Swan killed on golf course in "senseless" attack

The RSPCA have called for witnesses after a baby swan was shot dead on a golf course near Sunderland.

Jack Seddon's picture
Thu, 16 Jul 2020

The RSPCA has appealed for witnesses after a baby cygnet was found dead and covered in blood in its nest on the Elemore Golf Course located in the north of England, close to Sunderland.

A woman walking the golf course found the body of the swan and took the remains of its body home before contacting the animal welfare charity and an inspector was sent to collect the body.

“This poor cygnet is only around six weeks old and was sitting on its nest when it was targeted in this senseless attack," said inspector Terri-Ann Fannon.

“A member of the public was extremely upset when she discovered the bird’s bloodied body laying on its nest on the smaller of two lakes at the golf course.

"She took the bird’s body home with her as well as the metal pellet from the airgun before calling us.”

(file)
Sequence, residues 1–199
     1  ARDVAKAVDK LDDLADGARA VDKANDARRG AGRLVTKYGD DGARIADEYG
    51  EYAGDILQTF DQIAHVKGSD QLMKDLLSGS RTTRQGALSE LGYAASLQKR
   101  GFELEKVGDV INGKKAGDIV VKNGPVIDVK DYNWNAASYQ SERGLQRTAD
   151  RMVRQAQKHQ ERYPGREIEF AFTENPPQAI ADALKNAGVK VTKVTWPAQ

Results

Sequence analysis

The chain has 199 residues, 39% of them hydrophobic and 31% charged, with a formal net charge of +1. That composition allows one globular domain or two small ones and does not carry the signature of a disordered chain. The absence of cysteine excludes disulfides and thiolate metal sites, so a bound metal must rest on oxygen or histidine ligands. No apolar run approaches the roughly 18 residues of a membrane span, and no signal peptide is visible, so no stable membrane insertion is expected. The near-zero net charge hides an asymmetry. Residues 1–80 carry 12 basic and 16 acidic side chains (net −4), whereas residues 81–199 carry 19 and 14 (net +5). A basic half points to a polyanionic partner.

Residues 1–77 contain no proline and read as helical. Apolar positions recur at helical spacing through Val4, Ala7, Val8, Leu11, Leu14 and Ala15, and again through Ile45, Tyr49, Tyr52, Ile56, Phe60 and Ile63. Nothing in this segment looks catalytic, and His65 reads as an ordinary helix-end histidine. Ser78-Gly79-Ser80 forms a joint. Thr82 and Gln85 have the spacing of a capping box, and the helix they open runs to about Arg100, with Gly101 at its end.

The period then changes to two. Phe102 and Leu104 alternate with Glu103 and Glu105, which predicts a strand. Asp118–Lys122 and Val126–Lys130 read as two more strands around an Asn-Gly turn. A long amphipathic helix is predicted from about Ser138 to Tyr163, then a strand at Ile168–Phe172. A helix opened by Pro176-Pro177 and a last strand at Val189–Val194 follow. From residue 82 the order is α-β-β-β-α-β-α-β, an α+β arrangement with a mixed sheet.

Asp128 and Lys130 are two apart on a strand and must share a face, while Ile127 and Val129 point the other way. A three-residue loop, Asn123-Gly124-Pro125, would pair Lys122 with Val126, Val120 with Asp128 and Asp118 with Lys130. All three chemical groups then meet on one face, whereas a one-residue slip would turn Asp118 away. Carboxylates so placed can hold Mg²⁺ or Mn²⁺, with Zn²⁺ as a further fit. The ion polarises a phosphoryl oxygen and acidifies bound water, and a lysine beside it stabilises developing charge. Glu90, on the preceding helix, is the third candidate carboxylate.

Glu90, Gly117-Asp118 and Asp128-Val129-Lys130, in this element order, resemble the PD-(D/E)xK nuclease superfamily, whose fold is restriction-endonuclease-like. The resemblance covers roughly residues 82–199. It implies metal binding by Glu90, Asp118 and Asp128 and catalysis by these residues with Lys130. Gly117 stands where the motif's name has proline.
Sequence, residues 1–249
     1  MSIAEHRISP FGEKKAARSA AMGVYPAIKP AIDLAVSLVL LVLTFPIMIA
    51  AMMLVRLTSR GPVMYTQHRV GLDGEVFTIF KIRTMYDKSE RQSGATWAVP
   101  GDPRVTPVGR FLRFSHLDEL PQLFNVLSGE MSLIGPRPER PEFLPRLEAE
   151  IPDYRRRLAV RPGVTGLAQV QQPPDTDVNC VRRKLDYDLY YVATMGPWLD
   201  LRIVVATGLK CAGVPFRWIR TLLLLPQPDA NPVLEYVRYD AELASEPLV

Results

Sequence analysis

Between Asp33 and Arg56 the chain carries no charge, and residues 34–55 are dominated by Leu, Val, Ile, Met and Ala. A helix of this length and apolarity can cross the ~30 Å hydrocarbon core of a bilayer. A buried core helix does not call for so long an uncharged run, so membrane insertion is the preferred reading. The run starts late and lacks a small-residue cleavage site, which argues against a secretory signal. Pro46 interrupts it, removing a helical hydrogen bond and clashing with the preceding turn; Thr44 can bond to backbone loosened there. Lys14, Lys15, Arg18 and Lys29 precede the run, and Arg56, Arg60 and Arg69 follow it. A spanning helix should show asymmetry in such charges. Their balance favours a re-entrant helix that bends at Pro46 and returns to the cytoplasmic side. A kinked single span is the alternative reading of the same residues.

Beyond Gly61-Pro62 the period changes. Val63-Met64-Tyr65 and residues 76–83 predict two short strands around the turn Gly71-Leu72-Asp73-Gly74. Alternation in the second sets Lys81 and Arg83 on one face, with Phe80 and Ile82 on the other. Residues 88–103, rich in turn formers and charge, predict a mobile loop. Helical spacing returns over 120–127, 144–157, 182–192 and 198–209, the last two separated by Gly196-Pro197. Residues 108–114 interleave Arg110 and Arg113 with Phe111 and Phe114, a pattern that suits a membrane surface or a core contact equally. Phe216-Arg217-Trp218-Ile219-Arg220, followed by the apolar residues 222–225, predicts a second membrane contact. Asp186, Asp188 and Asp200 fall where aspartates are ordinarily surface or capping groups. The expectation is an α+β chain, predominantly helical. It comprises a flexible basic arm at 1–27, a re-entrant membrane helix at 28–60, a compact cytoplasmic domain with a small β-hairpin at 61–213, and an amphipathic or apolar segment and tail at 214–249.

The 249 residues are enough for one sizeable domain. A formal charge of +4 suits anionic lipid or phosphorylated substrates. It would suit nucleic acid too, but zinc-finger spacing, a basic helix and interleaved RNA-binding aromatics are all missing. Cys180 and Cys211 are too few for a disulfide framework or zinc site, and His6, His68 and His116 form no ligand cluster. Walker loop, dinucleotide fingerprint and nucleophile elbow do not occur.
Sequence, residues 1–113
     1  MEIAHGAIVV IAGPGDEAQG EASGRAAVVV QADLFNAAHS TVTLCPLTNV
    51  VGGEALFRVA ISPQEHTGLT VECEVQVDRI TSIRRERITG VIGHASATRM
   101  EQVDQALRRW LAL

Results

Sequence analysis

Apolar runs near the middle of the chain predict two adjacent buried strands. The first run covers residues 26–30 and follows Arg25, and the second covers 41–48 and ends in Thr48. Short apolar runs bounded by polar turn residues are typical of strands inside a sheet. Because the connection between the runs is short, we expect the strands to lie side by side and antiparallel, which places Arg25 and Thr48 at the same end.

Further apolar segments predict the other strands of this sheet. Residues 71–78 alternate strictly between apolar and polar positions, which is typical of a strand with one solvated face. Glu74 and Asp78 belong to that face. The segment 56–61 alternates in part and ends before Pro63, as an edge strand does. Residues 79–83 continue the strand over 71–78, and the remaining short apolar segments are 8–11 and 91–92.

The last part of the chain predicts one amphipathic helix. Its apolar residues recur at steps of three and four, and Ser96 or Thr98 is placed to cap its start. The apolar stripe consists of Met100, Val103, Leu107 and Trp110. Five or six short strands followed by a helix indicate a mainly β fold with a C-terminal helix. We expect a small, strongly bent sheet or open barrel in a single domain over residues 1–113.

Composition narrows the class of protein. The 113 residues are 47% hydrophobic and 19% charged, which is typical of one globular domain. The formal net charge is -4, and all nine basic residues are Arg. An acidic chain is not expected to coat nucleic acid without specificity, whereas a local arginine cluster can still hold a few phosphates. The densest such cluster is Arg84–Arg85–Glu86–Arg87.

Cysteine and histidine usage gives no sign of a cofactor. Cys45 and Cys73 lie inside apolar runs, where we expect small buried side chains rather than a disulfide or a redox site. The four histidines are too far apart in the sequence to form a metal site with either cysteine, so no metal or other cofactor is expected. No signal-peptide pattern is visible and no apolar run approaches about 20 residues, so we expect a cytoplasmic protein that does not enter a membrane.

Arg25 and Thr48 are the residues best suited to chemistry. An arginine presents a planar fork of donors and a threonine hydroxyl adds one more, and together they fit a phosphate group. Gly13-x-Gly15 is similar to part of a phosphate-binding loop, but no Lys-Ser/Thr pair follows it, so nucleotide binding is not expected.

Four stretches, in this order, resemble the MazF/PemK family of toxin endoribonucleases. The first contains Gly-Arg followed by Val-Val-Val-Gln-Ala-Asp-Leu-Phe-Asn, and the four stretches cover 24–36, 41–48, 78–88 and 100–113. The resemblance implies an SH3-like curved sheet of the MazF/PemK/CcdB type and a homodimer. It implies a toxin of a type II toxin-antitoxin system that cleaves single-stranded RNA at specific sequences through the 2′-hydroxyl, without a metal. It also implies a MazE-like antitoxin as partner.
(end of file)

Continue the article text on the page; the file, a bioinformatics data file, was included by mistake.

The RSPCA has launched an investigation into the incident and have asked any witnesses who may have information to come forward.

“It’s utterly disgraceful to shoot and kill this beautiful bird and I’d like to remind people that, as well as being cruel and completely unnecessary, it is also illegal,” added Inspector Fannon.

Under the Wildlife and Countryside Act 1981, swans are protected and it is an illegal offence to kill one and anyone seen purposely trying to injure or kill a wild bird without a licence can face prison time of up to six months.

The RSPCA has demanded new and improved regulations on air weapons, with the charity receiving hundreds of calls about similar incidents involving air rifle attacks on animals all-year round.

“Sadly, we see all too often the impact that these potentially deadly weapons can have on animals such as wild birds and cats,” the inspector added.

“That’s why we want to see stricter controls over airguns as well as better education and explanation of the law for those buying one.”

Anyone with any information about what may have happened to this cygnet is urged to contact the RSPCA’s appeal line on 0300 123 8018.

 

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